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As questions still loom, eye cancer survivor speaks up following Huntersville mother’s death

HUNTERSVILLE, N.C. — The North Carolina budget once again will not include money to find answers to a looming cancer question in Huntersville -- why have so many people been diagnosed with a rare ocular melanoma?

It’s a question that has haunted the Huntersville community for years.

One survivor, who has never shared his story, said the recent death of a young mother pushed him to speak up.

“Started having bright flashes of light like a camera and someone taking pictures,” Andy Whitley said. “Like muddy water washing across my eye.”

Whitley grew up in northern Mecklenburg County and had never heard of ocular melanoma. But he still remembers the symptoms and signs he started seeing in the late 90s.

The eye cancer usually impacts five in one million people. In 1999, Whitley became one of those are statistics.

“Do you have any vision in your right eye?” Allison asked him.

“I can’t detect light. I still have my eye but it is completely blank,” Whitley responded. “Parking a vehicle in a parking lot, I have no depth perception.”

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Sen. Natasha Marcus represents Mecklenburg County in Raleigh. She has repeatedly sought funding for more research. Despite bipartisan support on her latest bill to allocate $150,000 for further studies of a cause, the legislation didn’t make it into the budget.

“I could happen to any of us. It is so random and scary and deadly,” she said. “We need to do better. I really wish there was already work done on this because we’re too far in. It’s been many, many years and we’ve lost too many people.”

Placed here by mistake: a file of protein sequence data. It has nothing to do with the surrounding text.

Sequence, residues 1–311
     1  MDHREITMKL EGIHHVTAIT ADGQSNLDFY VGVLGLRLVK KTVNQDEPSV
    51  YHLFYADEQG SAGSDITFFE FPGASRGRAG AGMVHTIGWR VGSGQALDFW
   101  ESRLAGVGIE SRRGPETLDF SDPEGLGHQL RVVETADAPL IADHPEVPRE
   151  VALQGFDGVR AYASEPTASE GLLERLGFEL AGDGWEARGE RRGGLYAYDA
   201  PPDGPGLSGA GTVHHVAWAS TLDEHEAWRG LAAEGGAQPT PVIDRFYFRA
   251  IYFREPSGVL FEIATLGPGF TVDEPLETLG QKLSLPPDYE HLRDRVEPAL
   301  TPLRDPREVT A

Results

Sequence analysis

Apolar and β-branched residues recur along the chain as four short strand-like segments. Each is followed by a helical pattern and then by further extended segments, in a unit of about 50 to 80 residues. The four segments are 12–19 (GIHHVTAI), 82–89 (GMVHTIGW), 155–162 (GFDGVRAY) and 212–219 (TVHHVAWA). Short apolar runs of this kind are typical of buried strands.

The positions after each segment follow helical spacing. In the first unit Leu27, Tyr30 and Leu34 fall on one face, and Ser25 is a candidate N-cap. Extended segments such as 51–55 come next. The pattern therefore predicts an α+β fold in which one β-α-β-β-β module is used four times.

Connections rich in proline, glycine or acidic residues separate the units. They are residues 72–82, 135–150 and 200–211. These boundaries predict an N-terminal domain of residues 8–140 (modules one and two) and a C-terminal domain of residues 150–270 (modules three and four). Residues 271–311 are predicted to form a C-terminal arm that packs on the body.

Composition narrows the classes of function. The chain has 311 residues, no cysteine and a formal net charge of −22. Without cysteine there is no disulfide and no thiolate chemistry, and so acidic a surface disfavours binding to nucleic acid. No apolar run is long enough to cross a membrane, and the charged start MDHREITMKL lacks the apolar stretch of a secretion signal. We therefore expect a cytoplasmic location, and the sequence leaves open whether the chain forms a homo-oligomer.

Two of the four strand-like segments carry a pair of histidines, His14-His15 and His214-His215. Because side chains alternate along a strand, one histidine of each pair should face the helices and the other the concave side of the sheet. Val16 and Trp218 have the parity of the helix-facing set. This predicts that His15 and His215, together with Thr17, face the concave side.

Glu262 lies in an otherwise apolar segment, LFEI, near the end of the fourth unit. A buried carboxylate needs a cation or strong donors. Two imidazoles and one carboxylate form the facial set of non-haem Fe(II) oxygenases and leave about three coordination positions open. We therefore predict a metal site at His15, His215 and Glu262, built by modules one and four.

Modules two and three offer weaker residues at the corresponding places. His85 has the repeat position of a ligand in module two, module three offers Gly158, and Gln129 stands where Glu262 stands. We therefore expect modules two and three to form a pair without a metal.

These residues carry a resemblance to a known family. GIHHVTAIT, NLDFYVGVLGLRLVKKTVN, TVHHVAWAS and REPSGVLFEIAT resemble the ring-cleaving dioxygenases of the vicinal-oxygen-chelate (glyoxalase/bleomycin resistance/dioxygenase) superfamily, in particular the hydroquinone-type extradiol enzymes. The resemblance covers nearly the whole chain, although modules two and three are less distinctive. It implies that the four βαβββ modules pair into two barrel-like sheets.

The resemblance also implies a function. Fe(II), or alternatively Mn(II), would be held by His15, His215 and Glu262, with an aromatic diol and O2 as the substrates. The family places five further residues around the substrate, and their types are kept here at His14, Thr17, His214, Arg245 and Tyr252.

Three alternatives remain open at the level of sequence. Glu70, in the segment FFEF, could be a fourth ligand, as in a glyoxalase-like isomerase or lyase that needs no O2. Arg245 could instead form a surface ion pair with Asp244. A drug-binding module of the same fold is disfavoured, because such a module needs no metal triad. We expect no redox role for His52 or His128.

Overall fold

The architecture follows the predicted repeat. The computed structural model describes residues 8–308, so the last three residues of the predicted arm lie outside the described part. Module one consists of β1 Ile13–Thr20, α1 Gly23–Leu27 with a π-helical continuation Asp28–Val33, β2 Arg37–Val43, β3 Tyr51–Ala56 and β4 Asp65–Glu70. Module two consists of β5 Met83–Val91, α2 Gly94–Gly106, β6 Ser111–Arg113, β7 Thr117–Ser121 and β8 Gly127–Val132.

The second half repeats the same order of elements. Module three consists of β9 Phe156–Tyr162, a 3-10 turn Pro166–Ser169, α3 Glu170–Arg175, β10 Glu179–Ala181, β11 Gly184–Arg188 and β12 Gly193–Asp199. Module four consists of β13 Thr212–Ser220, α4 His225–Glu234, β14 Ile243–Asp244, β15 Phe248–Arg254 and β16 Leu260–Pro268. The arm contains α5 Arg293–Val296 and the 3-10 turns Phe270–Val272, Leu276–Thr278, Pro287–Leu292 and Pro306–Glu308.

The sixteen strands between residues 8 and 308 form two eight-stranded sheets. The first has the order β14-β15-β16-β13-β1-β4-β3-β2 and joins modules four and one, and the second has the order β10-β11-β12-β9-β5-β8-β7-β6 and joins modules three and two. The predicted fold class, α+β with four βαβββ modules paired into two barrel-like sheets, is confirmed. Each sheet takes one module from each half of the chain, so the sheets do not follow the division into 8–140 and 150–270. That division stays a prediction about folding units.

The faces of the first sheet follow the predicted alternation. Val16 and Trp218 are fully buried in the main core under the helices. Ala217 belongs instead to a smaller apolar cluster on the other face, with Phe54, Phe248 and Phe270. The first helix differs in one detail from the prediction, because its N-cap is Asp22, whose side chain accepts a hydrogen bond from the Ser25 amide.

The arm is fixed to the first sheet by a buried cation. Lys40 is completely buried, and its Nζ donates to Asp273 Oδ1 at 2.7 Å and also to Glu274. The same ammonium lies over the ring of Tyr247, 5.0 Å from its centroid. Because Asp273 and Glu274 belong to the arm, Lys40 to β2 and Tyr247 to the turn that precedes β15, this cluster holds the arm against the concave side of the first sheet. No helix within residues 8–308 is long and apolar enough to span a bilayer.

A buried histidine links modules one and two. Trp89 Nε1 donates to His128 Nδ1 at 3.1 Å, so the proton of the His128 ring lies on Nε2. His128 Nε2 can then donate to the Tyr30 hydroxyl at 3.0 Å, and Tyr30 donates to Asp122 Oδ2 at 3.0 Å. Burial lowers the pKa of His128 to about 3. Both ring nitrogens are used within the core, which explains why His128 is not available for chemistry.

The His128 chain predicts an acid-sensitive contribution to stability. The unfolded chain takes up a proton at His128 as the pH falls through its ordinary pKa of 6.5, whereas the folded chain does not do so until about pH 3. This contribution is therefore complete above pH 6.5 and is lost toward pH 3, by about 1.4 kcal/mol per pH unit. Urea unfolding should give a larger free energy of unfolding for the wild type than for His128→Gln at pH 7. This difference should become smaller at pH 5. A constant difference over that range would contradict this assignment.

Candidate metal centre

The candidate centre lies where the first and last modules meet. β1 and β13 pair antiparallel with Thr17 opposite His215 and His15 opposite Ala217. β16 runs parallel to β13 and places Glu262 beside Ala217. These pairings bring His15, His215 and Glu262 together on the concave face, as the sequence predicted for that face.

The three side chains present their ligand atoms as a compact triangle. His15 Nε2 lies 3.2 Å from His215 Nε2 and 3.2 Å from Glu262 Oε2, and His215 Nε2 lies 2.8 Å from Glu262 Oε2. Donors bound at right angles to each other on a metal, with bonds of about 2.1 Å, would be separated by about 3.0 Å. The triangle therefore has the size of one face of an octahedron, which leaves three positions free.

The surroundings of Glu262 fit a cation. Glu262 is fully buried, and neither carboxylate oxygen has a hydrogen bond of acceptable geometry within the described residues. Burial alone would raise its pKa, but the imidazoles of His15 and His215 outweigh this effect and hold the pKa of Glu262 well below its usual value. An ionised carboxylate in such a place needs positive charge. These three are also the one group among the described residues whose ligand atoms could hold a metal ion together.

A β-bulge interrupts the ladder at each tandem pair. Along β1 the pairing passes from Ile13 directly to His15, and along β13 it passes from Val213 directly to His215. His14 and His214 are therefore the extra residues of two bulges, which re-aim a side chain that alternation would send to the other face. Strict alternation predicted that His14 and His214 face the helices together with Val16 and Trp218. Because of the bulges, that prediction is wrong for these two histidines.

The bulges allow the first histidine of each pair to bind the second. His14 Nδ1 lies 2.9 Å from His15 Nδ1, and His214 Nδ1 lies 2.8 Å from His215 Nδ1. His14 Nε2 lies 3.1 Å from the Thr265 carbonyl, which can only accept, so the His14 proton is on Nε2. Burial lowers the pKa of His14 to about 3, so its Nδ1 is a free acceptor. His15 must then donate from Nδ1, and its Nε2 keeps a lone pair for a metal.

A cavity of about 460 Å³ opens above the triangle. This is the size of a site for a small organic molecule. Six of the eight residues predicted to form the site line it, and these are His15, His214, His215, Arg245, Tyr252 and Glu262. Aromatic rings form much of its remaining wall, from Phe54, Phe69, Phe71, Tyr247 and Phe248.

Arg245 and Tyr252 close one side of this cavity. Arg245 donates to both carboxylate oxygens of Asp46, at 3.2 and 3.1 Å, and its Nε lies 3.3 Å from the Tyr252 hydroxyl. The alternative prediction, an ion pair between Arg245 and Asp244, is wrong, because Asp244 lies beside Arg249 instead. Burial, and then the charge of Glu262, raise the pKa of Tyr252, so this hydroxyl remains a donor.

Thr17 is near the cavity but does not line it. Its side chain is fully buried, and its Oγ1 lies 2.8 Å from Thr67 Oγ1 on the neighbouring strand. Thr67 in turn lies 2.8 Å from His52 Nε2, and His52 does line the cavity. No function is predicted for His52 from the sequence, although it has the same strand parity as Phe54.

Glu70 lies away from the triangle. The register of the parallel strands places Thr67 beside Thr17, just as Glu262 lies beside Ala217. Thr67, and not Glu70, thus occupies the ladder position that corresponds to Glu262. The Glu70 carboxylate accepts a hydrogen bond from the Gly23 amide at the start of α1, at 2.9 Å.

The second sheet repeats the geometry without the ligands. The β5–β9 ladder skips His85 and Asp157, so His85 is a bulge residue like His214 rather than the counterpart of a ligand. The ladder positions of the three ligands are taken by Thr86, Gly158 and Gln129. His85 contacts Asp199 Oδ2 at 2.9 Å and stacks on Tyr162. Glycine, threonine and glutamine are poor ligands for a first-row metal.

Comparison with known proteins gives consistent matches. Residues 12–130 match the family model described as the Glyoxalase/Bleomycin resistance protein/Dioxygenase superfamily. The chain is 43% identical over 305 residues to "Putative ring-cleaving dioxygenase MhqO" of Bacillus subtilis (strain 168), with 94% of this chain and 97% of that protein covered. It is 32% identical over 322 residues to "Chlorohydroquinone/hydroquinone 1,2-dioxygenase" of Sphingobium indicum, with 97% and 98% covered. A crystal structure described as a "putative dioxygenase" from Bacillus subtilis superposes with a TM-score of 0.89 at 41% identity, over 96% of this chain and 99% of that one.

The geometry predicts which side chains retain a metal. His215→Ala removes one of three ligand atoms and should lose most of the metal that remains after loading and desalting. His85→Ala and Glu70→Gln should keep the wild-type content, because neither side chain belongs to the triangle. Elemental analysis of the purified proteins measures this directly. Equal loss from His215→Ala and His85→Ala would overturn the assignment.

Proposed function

Jessica Boesmiller, a young mother of four, is the most recent patient to lose a brave battle against the disease. Her story is why Whitley contacted anchor Allison Latos, so Whitley can amplify his voice and his own diagnosis to push for answers.

“I would like for it not to affect anyone else,” Whitley said.

Environmental tests of soil samples around Huntersville did not identify a cause. Tumor and genetic testing of patients and their families didn’t find a link either.

Marcus said she’s not giving up on seeking funding. She hopes experts from the University of North Carolina at Chapel Hill will be able to find answers.

(WATCH BELOW: Community comes together to raise money for Huntersville mother who died of rare eye cancer)






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